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|Draft Mandate for Mesopotamia|
Draft mandates for Mesopotamia and Palestine as submitted for the approval of the League of Nations on December 7, 1920
|Created||1920 (draft only)|
|Author(s)||League of Nations|
|Purpose||Proposed creation of the territory of Mesopotamia. The Kingdom of Iraq was created instead|
Part of a series on the
|History of Iraq|
The Draft Mandate for Mesopotamia (Arabic: الانتداب البريطاني على العراق) was a proposed League of Nations Mandate intended to be entrusted to Britain that was subsequently replaced by the Anglo-Iraqi Treaty of October 1922, an agreement between Britain and Iraq with some similarities to the proposed mandate.
The proposed mandate was awarded on April 25, 1920, at the San Remo conference in Italy in accordance with the 1916 Sykes–Picot Agreement, but was not yet documented or defined. It was to be a Class A mandate under Article 22 of the Covenant of the League of Nations. A draft mandate document was prepared by the British Colonial Office in June 1920, and submitted in draft form to the League of Nations in December 1920.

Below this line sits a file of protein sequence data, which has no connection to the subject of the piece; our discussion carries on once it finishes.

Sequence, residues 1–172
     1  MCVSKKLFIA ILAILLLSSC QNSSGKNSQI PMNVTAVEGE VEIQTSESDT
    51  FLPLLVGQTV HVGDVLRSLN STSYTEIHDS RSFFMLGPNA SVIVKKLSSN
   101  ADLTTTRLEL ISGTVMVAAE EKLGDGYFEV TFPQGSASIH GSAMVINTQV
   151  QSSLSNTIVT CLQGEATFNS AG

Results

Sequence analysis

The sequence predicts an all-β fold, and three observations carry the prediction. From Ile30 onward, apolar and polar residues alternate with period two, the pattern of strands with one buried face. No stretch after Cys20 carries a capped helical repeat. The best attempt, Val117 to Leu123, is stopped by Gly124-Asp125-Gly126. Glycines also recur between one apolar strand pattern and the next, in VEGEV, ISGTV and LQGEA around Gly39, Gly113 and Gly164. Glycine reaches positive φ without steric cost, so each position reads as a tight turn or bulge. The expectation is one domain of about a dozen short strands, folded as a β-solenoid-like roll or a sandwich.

The proposed mandate faced certain difficulties to be established, as a nationwide Iraqi revolt broke out in 1920, after which it was decided the territory would become the Kingdom of Iraq, via the Anglo-Iraq Treaty. The Kingdom of Iraq became independent in 1931-1932, in accordance with the League of Nations stance, which stated such states would be facilitated into progressive development as fully independent states.
The civil government of Anglo-administered Iraq was headed originally by the High Commissioner, Sir Percy Cox, and his deputy, Colonel Arnold Wilson. British reprisals after the murder of a British officer in Najaf failed to restore order. British administration had yet to be established in the mountains of north Iraq. The most striking problem facing the British was the growing anger of the nationalists, who felt betrayed at being accorded mandate status.